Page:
Laurie Blauner

The robots missed their orbital interfaces

I was curled into myself
(fish that I was) in my dream.

I couldn’t breathe any louder,
nostrils stuffed with gadgets.

The robots infested my city with
their cold, ferruginous predictions. 

Punctuated by apprehension about our futures,
we were mechanized like windup toys. 

Cracks vined my stiff legs as my neighbor
became muscular with the robots.

They hurt him accidentally.
My thoughts were slow

compared to the robots,
who would live forever stridently. 

I married myself.
I was anatomical, spinning to exhaustion.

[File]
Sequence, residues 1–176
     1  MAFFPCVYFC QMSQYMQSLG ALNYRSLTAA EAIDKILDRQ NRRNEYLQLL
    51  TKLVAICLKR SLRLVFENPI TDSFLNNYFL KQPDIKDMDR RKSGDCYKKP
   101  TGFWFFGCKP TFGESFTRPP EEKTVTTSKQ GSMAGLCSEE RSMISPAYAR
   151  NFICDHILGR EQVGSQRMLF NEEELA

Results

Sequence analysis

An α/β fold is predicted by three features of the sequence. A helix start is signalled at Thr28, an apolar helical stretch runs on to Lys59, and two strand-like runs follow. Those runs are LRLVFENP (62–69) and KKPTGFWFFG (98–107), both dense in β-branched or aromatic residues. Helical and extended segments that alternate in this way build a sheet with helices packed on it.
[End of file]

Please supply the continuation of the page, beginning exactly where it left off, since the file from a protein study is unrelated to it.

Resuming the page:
My wounds sprouted unsteadily. 
I was superfluous, catatonic. 

Metal rectangles crisscrossed streets,
crushing cars into fists of color.

I kept an eye on things.
I caterwauled, (which was ignored.)
I wriggled between, caught one in a net,
gorged on its reinvention.

I began talking to my kitchen appliances. 
I woke up.  Noise and movement

were annoying but then they turned me
around so I could see the light.

Laurie Blauner

Laurie Blauner is the author of three novels and seven books of poetry. Her most recent book of poetry was the first Open Competition winner from What Books Press and is called It Looks Worse Than I Am. She has received a National Endowment of the Arts Fellowship as well as Seattle Arts Commission, King County Arts Commission, 4Culture, and Artist Trust grants and awards. Her work has appeared in The New Republic, The Nation, The Georgia Review, American Poetry Review, Mississippi Review, and many other magazines. Her web site is